An Introduction to Medical Entomology
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There are many species in this Superfamily, the nymphs and adults of most being free-living. They are either vegetarian or predacious. Trachea are present and spiracles are located on or near the bases of the chelicerae. Mouthparts are raptorial or they are of the piercing and sucking kind. Their bodies are not heavily sclerotized and chitinous plates are usually absent.
Although there are a number of families, only one, the Trombidiidae, is of medical importance because the larvae are parasitic on humans and animals. Other families do have parasitic species, which are of minor importance.
The subfamily Trombiculinae includes the "harvest" and "chigger mites." They are conspicuous by their brilliant coloration. The widely known chigger, Entrombicula alfreddugesii (Oudemanus), is a pest of humans in North America. Typically in Trombidoidea, the larvae of this species are very tiny (e.g., E. batatas) and adhere to blades of grass in wild areas, from which they can transfer in large numbers to persons walking by. Then they become larger as they feed on body fluids, and eventually they drop to the ground to reproduce. The itching and subsequent scratching around the feeding sites can result in severe infections.
OTHER IMPORTANT SPECIES
Eutrombicula batatas (L.) is the "patatta mite" of South and Central America and the Caribbean. The life cycle differs slightly in the tropical environment. Trombicula autumnalis (Shaw) attacks animals and humans in Europe, where severe skin inflammation can result. In the Far East Trombicula akamushi (Brumpt) is the cause of "Japanese River Fever." Trombicula deiiensis Walch of the East Indies attacks animals and humans. Trombicula fletcheri W. & H. attacks humans in New Guinea. Many other unidentified species of Trombicula and other genera attack humans in the South Pacific.
Trombiculid mites have a complex life cycle and different terms have been applied to the developmental stages, but the terminology used by Service (2008) is applied as follows: Adults of this group are not parasitic but rather inhabit the soil where they feed on other arthropods. During warm weather a female mite may lay up to five eggs daily on organic material located on the soil surface, in field grasses, etc. "Deutorum" larvae with six legs emerge but initially do not leave the egg shell (the "Deutovum"). Activity begins about a week later when the mites swarm all over the soil and grasses. They try to attach to mammals and birds as well as to people with which they come into contact. They gather around soft and moist areas of a host.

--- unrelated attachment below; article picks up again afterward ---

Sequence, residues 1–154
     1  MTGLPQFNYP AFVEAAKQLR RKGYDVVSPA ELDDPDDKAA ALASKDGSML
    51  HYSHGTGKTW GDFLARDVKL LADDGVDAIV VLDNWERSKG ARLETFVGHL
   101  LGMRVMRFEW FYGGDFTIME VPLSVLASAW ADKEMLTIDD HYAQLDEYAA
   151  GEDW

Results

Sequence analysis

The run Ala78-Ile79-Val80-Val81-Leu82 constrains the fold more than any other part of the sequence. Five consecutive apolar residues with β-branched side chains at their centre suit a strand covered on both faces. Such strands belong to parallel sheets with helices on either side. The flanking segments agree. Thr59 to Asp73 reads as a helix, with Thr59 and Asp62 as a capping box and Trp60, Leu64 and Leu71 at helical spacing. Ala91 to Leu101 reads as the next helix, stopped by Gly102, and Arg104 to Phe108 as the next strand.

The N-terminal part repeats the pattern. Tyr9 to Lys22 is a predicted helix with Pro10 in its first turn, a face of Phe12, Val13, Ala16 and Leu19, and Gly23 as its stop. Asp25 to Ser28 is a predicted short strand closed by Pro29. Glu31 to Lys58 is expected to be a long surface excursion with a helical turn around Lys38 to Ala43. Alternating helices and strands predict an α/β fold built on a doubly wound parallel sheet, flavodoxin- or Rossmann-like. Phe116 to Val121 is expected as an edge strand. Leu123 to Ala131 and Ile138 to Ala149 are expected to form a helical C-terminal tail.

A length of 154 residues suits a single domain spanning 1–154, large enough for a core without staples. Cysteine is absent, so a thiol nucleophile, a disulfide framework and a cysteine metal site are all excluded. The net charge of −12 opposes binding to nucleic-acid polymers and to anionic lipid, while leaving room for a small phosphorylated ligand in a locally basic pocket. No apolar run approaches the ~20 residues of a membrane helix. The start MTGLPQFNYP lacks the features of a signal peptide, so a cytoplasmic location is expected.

The larvae then penetrate into the skin, injecting saliva that destroys cells. They feed on lymphal fluid instead of blood. The continued release of saliva then results a nasty skin reaction. Some species spend a whole month on a host, but the vectors of Scrub Typhus remain on a host for only about a week. When fully fed the larvae exit the host and drop to the ground where they bury into the soil or under leaf litter, etc. There they change into a "Protonymph," which moults within week and gives rise to a "Deutonymph" with eight legs. The deutonymphs like the adults feed for a couple of weeks on arthropods in the soil. Feeding stops and the nymphs change into a "tritonymph" that moults after about two weeks giving rise to the adult stage. The total life cycle generally takes up to two months, but sometimes 8-10 months are required.
Because nymphs and adults feed on other arthropods they require habitats where there are sufficient arthropods present to sustain them. Service (2008) noted that ideal habitats are often produced when vegetation is cleared for agriculture or wood products.
The mites can cause severe itching, which often leads to infections in humans. But some species are vectors of disease. Tstsugamushi Disease caused by a virus was first found in Japan where it is also known as "Japanese River Fever," but it is now widespread in Asia and Australasia The virus, Rickettsia orientalis, is transmitted by the bite of the red mite, Trombicula akamushi, and a local rodent serves as a reservoir of the virus. Incubation in humans is 7-14 days and mortality often follows, especially in older people.
Severe cases of infestation should always require the attention of a physician, but as with other groups of pestiferous mites avoidance of infested areas and the use of available repellants is advisable. Control of breeding sites in the environment may also be applied to reduce mite infestations. These sites exist as islands in the vegetation where mites can be reduced by burning or insecticide application.
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